Shop now Shop now Shop now  Up to 70% Off Fashion  Shop all Amazon Fashion Cloud Drive Photos Shop now Learn More Shop now Shop now Shop Fire Shop Kindle Shop now Shop now
Customer Review

78 of 89 people found the following review helpful
3.0 out of 5 stars A RATHER ONE-SIDED INTRODUCTION TO BIBLICAL SCHOLARSHIP, 31 Jan. 2002
This review is from: The New Testament: A Historical Introduction to the Early Christian Writings (Paperback)
This book is quite well written and closely argued, but as an introduction to the subject matter it fails on at least one important level: Unlike, say, John Drane's "Introduction to the New Testament", it does not introduce us to a representative sample of scholarly thought. Instead it mainly argues the case for Ehrman's own position, and in the process it takes for granted certain assumptions that are more widely contested than he seems willing to admit. In other words, there is a tendency to cite opinions that other equally reputable scholars would contest as though they were established fact.
Another difficulty with using this book as an introduction to the subject is that Ehrman does not give the reader enough assistance in investigating his influences and antecedents. Thus he makes some quite radical assertions (e.g. challenging the traditional view that the oral traditions of pre-literate societies tend to be transmitted reliably) without the conventional footnotes quoting authorities and sources. Apart from some general further reading suggestions at the end of chapters, Ehrman's assertions along the lines that "recent research has shown" or "it is now accepted" have to be taken on his say-so alone.
Actually, Ehrman's antecedents are fairly obvious to anyone who has read theology - he continues the tradition of 19th century liberals like Wrede (and their 20th century disciples like Bultmann) who drew a sharp distinction between (i) the Jesus of history and (ii) the Christ of the Church's faith, and assumes that the Bible can only inform us about the latter. And yet the impressive work of N.T. (Tom) Wright, founder of the so-called "Third Quest for the Historical Jesus" raises at very least the possibility (and for many people the near-certainty) that the supposed dichotomy between Jesus and the Christ results from a flaw in post-Enlightenment intellectual methodologies (the very flaw against which post-modernity is a dangerous over-reaction).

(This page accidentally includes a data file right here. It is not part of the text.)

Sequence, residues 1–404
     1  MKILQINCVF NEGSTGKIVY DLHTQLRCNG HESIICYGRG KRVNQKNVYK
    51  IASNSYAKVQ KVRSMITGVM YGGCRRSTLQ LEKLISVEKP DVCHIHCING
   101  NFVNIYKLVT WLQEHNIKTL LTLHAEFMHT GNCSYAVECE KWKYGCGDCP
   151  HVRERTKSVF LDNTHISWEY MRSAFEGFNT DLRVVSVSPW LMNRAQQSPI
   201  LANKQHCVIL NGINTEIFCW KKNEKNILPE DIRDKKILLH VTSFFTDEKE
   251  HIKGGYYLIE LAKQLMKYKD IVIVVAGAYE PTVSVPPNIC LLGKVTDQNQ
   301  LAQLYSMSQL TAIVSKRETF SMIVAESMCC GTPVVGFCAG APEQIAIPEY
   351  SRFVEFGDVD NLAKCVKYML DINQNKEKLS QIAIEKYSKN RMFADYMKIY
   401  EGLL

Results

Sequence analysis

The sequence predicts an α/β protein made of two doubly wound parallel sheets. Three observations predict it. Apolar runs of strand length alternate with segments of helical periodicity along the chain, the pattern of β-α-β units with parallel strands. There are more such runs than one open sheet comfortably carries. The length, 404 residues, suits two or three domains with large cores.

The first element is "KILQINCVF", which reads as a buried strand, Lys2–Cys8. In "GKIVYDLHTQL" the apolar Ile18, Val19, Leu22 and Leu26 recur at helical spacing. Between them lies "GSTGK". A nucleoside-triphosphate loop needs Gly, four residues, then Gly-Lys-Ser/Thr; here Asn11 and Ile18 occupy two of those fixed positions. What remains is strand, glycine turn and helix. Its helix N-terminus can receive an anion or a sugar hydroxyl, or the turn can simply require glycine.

A further problem is that Ehrman goes a stage beyond Reimarus, Wrede and so on in his assumptions that first century Christian thought was at least as heterodox as we know second century thought to have been, that the ascendancy of the orthodox "brand" of Christianity was simply by a process of natural selection, and that generations of "proto-orthodox" NT redactors constantly and consciously changed and added to the texts as they went along - their intention being to filter out any ideas that seemed to challenge their prejudices and to provide ammunition in the fight against "heresy". This position is not systematically spelled out in the book under review (for that, see one of Ehrman's other books, "The Orthodox Corruption of Scripture"), but it needs stating here because these a prioris inform his whole approach to the subject.
This is more radical than it may sound, because it would imply that the four canonical Gospels are not necessarily any more authoritative as insights into the historical Jesus than the Gnostic and other apocryphal writings of the second century such as the "Gospel of Thomas". In fact, the very starting point for Ehrman's main discourse is the non-uniqueness of the traditionally-supposed key points of Jesus' life: He begins by recounting the miraculous birth, life, death and resurrection of a man the readers is allowed to assume is Jesus, but then (surprise!) turns out to be Appollonius of Tyana, a mythical miracle worker whose exploits are chronicled in the "histories" of Philostratus.